Langley home builders at Versa are up for a number of Ovation Awards from the Greater Vancouver Home Builders Association for the work done on this Vancouver home. The work included remodelling the kitchen and turning the unfinished basement into a livable space.

Renovations earn Langley builder spot on industry awards shortlist

Versa Platinum Construction is up for three Ovation Awards from the Greater Vancouver Home Builders Association.

A Langley construction company has been shortlisted for a series of regional building awards.

Versa Platinum Construction was announced as a finalist for the Greater Vancouver Home Builders Association’s Ovation Awards late last week, earning the nominations for two recently completed renovations projects  – one in Langley and the other in Vancouver.

The company – Versa Homes for short – is an Aldergrove-based company owned by Felipe Freig.

He started in the industry almost two decades ago, focused on tile and bathrooms. In 2010, he expanded his Langley company to offer overall home renovations. Then, anxious to keep the Versa name going, he diversified further into new home construction last year under the banner of Versa Platinum Construction.

Making this shortlist, Freig said he’s excited, noting the  nominations “highlights the type of work you do and the standard of service you give your customers – the homeowners.”

Versa is up for the best renovated room award for two of his 2016 projects, one he dubbed Let There Be Light! is a Vancouver home, while the other a unique wine cellar – he called that project Cave a Vin – in a home in the Tall Timbers neighbourhood of Langley.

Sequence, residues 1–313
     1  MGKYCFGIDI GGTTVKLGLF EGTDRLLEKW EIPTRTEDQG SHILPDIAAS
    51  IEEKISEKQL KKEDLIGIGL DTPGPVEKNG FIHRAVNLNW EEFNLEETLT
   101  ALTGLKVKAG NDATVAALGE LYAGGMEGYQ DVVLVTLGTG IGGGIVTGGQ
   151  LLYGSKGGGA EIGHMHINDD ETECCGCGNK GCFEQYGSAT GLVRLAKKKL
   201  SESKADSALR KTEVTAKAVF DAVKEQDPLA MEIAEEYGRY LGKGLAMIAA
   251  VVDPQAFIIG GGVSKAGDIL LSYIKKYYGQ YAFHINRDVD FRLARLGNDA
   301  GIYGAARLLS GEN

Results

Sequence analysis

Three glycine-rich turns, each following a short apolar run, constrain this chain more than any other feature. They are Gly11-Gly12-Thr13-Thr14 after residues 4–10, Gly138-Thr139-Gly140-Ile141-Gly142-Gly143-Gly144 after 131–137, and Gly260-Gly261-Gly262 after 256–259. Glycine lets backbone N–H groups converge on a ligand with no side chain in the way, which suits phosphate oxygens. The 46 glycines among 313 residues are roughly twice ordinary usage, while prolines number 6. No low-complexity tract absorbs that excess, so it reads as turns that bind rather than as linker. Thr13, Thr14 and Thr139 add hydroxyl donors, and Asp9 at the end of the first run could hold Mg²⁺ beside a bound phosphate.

He’s also up for the best renovation valued between $400,000 and $699,999, again for the work Versa did on the Let There Be Light! project.

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CAPTION: Felipe Freig is excited, as his Facebook page attests, to being nominated for three Ovation Awards.

“It’s a good feeling to be recognized for the work you’re doing,” Freig told the Langley Advance, noting that recognition like this, and the recent nominations for three Georgie Awards (offered through the Canadian Home Builders Association of B.C.) helps solidify his company’s reputation within the industry and adds a degree of tangible creditability that assures future customers.

“It recognizes all the sweat and tears that are put into our clients homes,” he added, particularly proud of these two projects.

These awards showcase the highest calibre of within the home building industry – from new home construction, to renovation and design in Metro Vancouver, said GVHBA CEO Bob de Wit.

“In addition to highlighting the inspirational buildings and designs, the Ovation Awards spotlight the industry leaders who are shaping our neighbourhoods,” Wit said.  “We are proud of our world-class builders, renovators and designers who are working to deliver a complete mix of housing choices to meet the demand of a broad variety of homeowners, which is essential to supporting our thriving communities.”

Passionate about home building and design, the public is invited to decide the winner of one category; the top residential multi-family community with the Shaw Viewers’ Choice Ovation Award.

Viewers can check out the finalists and cast their votes until April 17 at https://www.shaw.ca/ovation/

The winners of the 2017 Ovation Awards, including the viewer’s choice, , will be announced at the a gala on Saturday, April 29 at the Marriott in downtown Vancouver.